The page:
Its Key points and Criticism.
Type: State ownership
Industry: Banking, Financial services
Headquarters: New Delhi, India
Key people: Usha Ananthasubramanian (Chairman & MD)
Products: core banking, credit card, consumer banking, corporate banking, finance and insurance, investment banking, mortgage loans, private banking, private equity, wealth management
Owner: Government of India
Slogan: Empowering Women, Empowering India.
What is Bharatiya Mahila Bank
Bharatiya Mahila Bank (BMB) is an Indian financial services banking company based in New Delhi, India. Former Indian Prime Minister Manmohan Singh inaugurated the system on 19 November 2013 on the occasion of the 96th birth anniversary of former Indian Prime Minister Indira Gandhi.
Although initially reported as a bank exclusively for women, the bank allows deposits to flow from everyone, but lending will be predominantly for women. India is the third country in the world to have a bank especially for women, after Pakistan and Tanzania.
The bank has been criticized as adopting a segregational approach to gender equality
The key objective of the Bank is focus on the banking needs of women and promote economic empowerment through women’s growth and developments.
The bank will also place emphasis on funding for skills developments to help in economic activity. Moreover, the products will be designed in a manner to give a slight concession on loan rates to women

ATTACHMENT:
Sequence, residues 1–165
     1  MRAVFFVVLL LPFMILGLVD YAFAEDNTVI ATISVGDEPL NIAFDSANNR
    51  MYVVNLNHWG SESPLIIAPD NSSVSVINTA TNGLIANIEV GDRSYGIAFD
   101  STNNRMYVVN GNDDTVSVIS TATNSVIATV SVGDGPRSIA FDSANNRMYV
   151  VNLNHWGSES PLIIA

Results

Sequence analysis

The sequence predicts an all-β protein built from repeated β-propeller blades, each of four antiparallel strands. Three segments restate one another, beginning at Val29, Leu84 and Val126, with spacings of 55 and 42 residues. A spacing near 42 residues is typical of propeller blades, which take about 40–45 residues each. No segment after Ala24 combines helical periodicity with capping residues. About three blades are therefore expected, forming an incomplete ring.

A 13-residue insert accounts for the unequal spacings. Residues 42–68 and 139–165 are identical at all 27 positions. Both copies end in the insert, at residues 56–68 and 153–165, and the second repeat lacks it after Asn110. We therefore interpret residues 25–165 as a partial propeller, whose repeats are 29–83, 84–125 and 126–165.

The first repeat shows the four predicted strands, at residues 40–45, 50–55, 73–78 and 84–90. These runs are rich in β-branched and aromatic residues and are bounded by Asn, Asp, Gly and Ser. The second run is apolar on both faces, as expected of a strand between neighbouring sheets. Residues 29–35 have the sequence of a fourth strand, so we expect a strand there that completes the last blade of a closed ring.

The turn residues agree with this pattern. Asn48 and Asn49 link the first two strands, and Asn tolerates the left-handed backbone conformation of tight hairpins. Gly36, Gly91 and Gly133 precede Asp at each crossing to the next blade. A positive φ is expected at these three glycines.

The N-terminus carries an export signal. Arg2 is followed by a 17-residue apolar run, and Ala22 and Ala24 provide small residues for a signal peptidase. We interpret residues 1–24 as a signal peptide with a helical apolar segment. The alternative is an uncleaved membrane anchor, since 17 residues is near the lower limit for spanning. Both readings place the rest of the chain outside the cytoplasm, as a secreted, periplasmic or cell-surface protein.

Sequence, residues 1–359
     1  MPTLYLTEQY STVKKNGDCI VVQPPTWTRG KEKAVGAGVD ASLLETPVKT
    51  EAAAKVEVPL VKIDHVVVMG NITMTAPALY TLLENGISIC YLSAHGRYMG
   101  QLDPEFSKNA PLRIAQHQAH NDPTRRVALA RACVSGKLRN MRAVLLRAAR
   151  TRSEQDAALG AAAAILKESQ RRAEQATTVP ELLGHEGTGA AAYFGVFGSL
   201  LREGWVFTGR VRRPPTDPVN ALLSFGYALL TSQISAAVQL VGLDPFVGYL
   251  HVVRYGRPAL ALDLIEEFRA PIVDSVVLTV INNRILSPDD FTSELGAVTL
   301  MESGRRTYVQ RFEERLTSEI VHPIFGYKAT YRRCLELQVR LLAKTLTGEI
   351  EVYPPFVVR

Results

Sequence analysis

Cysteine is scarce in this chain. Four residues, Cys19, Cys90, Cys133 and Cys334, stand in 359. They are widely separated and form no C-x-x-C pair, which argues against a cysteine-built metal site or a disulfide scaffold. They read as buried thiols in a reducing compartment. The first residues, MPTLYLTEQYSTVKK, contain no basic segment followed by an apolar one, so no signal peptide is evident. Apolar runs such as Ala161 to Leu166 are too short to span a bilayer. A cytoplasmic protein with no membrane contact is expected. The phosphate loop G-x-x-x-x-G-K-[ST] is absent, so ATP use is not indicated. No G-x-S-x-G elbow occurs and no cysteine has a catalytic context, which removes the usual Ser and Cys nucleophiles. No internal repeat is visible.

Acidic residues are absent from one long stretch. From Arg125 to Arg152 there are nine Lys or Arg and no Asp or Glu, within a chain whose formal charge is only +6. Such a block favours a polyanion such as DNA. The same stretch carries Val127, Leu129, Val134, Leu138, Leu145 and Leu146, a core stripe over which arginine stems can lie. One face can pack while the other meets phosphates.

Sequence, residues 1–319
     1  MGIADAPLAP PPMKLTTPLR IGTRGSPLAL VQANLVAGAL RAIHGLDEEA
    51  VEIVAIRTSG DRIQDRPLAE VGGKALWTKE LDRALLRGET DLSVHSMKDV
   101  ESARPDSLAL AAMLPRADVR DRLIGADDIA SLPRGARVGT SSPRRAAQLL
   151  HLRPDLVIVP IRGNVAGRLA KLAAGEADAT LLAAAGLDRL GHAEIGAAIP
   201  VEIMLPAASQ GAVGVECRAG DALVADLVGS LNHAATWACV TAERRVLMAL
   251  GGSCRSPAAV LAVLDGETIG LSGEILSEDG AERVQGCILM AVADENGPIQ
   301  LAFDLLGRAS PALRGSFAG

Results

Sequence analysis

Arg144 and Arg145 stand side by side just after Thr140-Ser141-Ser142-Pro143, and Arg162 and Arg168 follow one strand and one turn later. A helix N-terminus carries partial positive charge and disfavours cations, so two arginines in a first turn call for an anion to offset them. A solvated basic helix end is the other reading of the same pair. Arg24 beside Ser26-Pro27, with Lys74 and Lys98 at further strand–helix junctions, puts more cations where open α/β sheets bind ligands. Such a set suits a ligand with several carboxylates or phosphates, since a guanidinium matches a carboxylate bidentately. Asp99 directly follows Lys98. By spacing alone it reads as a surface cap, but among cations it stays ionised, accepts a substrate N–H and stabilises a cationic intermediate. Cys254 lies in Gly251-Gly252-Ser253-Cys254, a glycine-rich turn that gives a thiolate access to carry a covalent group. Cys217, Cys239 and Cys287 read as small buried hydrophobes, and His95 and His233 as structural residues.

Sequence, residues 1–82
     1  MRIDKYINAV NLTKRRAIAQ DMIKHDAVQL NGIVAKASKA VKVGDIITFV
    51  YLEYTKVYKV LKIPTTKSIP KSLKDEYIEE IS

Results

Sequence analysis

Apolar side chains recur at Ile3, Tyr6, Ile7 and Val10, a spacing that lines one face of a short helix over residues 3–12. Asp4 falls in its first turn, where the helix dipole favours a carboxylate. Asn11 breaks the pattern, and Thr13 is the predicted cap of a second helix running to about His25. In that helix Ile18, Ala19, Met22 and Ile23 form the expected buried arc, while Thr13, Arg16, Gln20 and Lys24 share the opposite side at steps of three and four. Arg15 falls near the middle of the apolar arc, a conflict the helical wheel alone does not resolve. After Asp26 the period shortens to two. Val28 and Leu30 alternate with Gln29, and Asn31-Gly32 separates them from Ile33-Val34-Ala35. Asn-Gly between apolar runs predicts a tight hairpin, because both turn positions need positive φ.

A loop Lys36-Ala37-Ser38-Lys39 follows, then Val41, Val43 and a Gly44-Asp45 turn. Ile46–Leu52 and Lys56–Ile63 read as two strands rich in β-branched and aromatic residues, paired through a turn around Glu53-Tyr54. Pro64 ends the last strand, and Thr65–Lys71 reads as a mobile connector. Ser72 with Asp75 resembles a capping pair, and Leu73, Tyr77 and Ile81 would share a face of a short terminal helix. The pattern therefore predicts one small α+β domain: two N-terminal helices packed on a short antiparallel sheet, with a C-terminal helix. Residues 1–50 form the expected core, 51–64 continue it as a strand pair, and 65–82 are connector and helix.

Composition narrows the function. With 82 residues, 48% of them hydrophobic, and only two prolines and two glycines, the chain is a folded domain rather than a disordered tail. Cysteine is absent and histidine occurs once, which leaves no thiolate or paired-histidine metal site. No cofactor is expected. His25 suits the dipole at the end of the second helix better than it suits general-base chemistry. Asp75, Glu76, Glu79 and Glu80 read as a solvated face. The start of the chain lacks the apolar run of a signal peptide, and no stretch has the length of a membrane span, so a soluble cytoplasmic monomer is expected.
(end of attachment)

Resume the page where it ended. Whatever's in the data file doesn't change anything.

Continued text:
The bank shall also aim to inspire people with entrepreneurial skills and, in conjunction with NGOs, plans to locally mobilize women to train them in vocations like toy-making or driving tractors or mobile repairs, according to Usha Ananthasubramanian (CMD).
One of the other objectives of the bank is to promote asset ownership amongst women customers
The government has chosen the iconic Air India building at Nariman Point in Mumbai to open the first branch of Bank.
Initially the bank will have a board of directors consisting of eight women.  The board consists of a business graduate sarpanch from Rajasthan, Chhavi Rajawat, Dalit entrepreneur Kalpana Saroj, who turned around a tubes business, retired public banker Nupur Mitra, academic Pakiza Samad, private equity professional Renuka Ramnath, Godrej Group executive Director Tanya Dubash and Priya Kumar, a government nominee